CONYERS -- Adults who think they can't understand teenagers may take pointers from Lauren Knowlton, the youth services librarian at Nancy Guinn Memorial Library in Conyers. In developing activities for teens at the library, Knowlton said all she does is ask.
The library started an anime club this month, where those interested in the Japanese animation can watch movies and talk about what they like and dislike about the art form.
Knowlton began working on new programs to lead up to moving into the new space for teenagers in the recently renovated and expanded second floor of the library. She said the idea for the library's anime club came when she talked to teens during Teen Read Week.
"I knew we have a lot of interest in anime and manga, so I knew we could start that up and have a good turnout for that," she said. "Beyond that, I want to see about possibly having book discussion groups; hit on some hot books that some of the teens like and go in that direction."
Knowlton quickly added that the teen programs are just starting and she expressed what many frustrated parents feel at times. "I'm still feeling my way. It's hard to get a strong opinion straight from the teens' mouth on what they want to see at the library."
Knowlton registered the library's anime club with a distributor used by other libraries that allows teens to pick DVD anime movies once a month for viewing parties. The library gets to keep the DVD for its collection in exchange for feedback from the teens.
Anime, which is simply animation produced in Japan, is very popular among teens and young adults in the United States and other countries. The stories cover everything -- action, romance, comedy, drama -- that many are drawn to.
One popular anime series, "Naruto," tells the story of Naruto Uzumaki, an adolescent ninja who constantly searches for recognition and aspires to become a Hokage, the ninja in his village that is acknowledged as the leader and the strongest of all, according to Naruto's official Web site.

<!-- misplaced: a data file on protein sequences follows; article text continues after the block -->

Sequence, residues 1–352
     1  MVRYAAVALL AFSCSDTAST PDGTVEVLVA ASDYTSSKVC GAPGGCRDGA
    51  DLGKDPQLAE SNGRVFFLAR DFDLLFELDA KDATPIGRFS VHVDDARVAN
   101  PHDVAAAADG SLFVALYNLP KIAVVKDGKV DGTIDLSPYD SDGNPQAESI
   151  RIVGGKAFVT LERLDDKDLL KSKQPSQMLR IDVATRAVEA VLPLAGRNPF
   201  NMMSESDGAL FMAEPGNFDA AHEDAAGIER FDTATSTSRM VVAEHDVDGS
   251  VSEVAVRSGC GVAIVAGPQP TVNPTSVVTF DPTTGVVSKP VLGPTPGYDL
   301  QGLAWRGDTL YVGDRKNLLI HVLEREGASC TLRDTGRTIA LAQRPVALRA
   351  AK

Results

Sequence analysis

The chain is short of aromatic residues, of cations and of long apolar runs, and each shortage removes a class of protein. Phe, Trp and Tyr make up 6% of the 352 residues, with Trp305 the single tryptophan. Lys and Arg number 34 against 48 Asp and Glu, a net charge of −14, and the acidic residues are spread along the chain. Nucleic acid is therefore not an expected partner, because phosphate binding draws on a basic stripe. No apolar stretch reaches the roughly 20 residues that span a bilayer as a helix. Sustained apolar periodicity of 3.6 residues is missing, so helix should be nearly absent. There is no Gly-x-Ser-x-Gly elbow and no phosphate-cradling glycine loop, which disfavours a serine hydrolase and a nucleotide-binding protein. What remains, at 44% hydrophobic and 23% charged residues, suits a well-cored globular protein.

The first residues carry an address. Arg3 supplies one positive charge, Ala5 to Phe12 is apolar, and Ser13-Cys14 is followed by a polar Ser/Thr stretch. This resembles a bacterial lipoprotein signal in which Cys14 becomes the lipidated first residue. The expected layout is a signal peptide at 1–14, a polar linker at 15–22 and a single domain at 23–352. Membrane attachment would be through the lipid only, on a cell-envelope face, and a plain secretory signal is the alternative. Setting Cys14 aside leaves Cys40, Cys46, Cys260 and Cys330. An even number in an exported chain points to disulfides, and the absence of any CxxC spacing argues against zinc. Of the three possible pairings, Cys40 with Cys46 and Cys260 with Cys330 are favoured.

The movies will be geared toward teens, ages 13 to 17 years old, and the viewing will be on a Friday after the library closes, from 5 to 7 p.m.
The club had its first viewing Friday and watched an anime called, "Save Me: Lollipop!" which Knowlton described as a light romance comedy.
The anime club came from suggestions by the library's Teen Advisory Group. The teens help out on planning scheduled events, like Teen Read Week, and Knowlton said she wants to tap into them more to see what the library can offer them.
Also, Knowlton said if all goes well she hoped the teens will take ownership of their space at the library by allowing them to come up with a name for the teen area. Any name proposed would have to be presented to the library Board of Trustees, but that would be up to the teens, Knowlton said.
"There's nothing formal right yet," she said. "It's more like I'm trying to get a feel for what the teens want; what they would like to see at the library."
For more information on activities for youngsters and teens, call the Youth Services desk at 770-388-5041, or contact Knowlton by e-mail at firstname.lastname@example.org.